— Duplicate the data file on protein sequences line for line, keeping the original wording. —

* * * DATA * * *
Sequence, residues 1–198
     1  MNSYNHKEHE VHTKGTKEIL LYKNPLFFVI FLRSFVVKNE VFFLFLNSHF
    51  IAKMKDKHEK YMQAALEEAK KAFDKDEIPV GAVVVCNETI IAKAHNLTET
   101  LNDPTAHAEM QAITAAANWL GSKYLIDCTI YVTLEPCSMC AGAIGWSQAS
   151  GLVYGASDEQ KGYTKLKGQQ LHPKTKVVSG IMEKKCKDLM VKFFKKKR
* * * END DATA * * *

Sequence, residues 1–198
     1  MNSYNHKEHE VHTKGTKEIL LYKNPLFFVI FLRSFVVKNE VFFLFLNSHF
    51  IAKMKDKHEK YMQAALEEAK KAFDKDEIPV GAVVVCNETI IAKAHNLTET
   101  LNDPTAHAEM QAITAAANWL GSKYLIDCTI YVTLEPCSMC AGAIGWSQAS
   151  GLVYGASDEQ KGYTKLKGQQ LHPKTKVVSG IMEKKCKDLM VKFFKKKR